|Oracle Credit Management User Guide|
Part Number E13502-04
This chapter provides an overview of Oracle Credit Management.
This chapter covers the following topics:
Oracle Credit Management provides a global, standardized system that lets you make and implement credit decisions based on the collected credit data of your business-to-business customers and prospects. Credit reviews are automated by the Credit Management workflow process.
Automated periodic credit assessments include all activities from the initial credit review request and creation of the credit application, to credit scoring and analysis, to the final implementation of credit decisions.
Why is this useful? First, an automated credit review process employs standard guidelines that you define, for a consistent approach to credit decisions across your entire credit department.
Additionally, an automated process that continuously evaluates and manages less risky credit decisions leaves your credit personnel free to concentrate their efforts on higher risk credit assessments. For example, your skilled credit analysts can focus on selected customer portfolios, such as those customers driving revenue or licenses above a threshold of $250,000, as well as on credit reviews that fail the automation process.
Credit Management facilitates these manual credit reviews through features such as online case folders, easily generated what-if scenarios, and integration with Dun & Bradstreet.
As a result, you can increase the scope of your customers' portfolios without increasing your credit personnel overhead. And, because all credit reviews are administered according to your own established credit policies, your business can continue to grow without compromising your own overall portfolio risk and financial stability.
Oracle Credit Management integrates with other Oracle applications, so that business events across the E-Business Suite can initiate a request for a credit review. For example:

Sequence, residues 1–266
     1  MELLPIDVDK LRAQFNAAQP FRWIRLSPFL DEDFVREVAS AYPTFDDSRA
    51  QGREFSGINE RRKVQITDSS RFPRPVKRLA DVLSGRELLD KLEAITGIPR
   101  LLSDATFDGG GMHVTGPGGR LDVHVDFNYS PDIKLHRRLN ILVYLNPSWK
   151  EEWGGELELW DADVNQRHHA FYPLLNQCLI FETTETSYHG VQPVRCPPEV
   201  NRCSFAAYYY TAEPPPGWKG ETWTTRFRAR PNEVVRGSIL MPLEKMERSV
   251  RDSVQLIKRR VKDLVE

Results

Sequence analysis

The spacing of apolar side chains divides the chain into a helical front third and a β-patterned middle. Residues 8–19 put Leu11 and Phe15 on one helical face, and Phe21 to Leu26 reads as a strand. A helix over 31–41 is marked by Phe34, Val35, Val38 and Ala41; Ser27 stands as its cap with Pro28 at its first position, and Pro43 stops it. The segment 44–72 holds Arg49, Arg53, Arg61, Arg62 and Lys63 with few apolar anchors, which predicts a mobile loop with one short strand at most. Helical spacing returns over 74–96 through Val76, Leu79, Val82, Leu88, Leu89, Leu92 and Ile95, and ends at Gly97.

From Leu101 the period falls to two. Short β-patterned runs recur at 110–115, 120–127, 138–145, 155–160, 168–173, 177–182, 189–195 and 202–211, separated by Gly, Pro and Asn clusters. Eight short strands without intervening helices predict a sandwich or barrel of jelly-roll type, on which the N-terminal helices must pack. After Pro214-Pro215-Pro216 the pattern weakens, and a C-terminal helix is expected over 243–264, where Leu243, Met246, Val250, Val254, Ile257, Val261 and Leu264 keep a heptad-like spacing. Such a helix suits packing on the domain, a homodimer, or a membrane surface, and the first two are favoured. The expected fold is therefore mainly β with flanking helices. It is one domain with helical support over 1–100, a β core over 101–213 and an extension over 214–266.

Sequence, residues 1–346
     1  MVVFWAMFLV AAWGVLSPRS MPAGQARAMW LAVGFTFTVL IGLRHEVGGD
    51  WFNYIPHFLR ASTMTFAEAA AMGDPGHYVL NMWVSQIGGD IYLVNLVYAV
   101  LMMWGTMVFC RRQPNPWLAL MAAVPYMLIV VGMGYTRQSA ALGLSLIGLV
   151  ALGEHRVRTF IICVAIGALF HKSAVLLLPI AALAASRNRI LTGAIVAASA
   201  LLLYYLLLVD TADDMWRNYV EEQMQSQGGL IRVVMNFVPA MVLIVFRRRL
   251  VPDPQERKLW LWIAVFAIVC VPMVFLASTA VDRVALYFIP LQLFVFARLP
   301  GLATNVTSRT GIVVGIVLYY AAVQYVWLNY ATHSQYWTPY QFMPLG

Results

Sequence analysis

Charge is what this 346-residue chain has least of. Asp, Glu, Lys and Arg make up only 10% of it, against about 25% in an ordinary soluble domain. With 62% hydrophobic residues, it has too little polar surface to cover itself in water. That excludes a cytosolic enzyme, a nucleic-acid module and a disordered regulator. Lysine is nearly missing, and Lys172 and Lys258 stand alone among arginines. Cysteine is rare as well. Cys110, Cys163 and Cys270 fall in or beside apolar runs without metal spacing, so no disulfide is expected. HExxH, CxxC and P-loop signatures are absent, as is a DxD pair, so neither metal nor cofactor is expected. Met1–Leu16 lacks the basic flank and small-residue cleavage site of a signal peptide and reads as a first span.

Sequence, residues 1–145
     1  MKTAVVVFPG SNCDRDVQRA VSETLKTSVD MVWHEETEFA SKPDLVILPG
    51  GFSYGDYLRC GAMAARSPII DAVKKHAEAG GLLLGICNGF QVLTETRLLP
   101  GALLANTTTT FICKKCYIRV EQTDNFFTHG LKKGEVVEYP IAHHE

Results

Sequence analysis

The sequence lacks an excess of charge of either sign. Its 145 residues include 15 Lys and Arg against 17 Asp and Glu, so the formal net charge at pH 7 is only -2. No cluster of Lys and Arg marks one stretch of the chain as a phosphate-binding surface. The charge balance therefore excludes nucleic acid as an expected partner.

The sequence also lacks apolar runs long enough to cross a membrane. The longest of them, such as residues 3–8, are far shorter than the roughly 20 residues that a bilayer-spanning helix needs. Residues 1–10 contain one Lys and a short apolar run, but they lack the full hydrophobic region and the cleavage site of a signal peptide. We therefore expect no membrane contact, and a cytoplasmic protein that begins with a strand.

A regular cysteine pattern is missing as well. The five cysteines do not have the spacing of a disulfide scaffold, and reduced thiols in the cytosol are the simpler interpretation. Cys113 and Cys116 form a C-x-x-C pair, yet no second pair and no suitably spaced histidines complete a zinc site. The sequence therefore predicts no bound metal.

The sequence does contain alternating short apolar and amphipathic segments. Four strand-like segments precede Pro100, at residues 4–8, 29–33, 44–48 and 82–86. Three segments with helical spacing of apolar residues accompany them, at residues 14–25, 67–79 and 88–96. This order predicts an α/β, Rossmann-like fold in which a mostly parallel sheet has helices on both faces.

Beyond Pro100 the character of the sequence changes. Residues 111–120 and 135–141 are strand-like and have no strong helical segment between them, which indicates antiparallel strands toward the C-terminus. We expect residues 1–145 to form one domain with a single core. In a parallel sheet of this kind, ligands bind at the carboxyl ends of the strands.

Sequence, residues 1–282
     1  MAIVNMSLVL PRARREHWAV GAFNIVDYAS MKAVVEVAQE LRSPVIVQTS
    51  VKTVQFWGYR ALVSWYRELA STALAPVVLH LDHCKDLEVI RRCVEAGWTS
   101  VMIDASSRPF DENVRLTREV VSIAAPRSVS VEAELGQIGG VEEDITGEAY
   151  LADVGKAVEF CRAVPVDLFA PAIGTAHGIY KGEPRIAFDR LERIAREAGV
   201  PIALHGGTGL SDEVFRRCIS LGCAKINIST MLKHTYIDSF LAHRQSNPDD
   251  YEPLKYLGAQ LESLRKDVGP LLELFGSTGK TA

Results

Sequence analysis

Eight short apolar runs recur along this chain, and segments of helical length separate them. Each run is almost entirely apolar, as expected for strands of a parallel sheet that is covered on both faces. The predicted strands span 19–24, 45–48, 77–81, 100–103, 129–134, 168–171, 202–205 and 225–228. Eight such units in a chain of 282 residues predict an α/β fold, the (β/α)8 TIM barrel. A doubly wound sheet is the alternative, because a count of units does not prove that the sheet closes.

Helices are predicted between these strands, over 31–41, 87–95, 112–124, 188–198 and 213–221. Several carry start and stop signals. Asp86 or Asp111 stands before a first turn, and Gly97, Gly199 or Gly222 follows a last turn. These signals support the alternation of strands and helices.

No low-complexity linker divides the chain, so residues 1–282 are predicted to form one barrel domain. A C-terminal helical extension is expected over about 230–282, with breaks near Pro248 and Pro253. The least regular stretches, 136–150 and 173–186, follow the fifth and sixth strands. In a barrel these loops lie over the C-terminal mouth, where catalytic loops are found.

An order entry clerk places an order in Oracle Order Management that causes a customer to exceed its current credit limit.
A sales representative or leasing agent enters a new lease application in Oracle Lease Management for a customer.
Six months have passed since a customer's last credit review date, automatically initiating a periodic credit review.
A credit analyst manually enters a new credit application for a prospect.
Once initiated, a credit review can either be completely automated, or managed by a skilled credit analyst. You control how credit reviews happen when defining your credit policies.
Oracle Credit Management's business solution is comprised of these main process flows:
Credit policy management
Completion of the credit application
Credit analysis and implementation of decisions
Risk and revenue management
Before credit analysis can begin, you must define your credit policies. In Credit Management, you model your credit policies around the intersection of two user-defined dimensions: the credit review type and the customer credit classification:
The credit review type refers to the type of credit reviews that you perform at your enterprise, such as Credit Checking, Periodic Credit Review, or Lease Application.
The customer credit classification refers to the credit relationships that you have with your customers and prospects, such as High Risk or Low Risk.
For each credit review type and credit classification combination, you assign a set of credit review tools that will vary according to your requirements. Credit review tools include:
Credit checklists specify which data points are required or optional during a credit review. Examples of data points are Days Sales Outstanding and Percentages Of Invoices Paid Late. When defining checklists, choose from a universe of almost 200 data points, or define your own.
See: Defining Checklists.
Scoring models include the data points and scoring method that are appropriate for a particular credit review. When defining scoring models, for each data point, (1) indicate a score for each range of values and (2) optionally assign a relative weighting factor.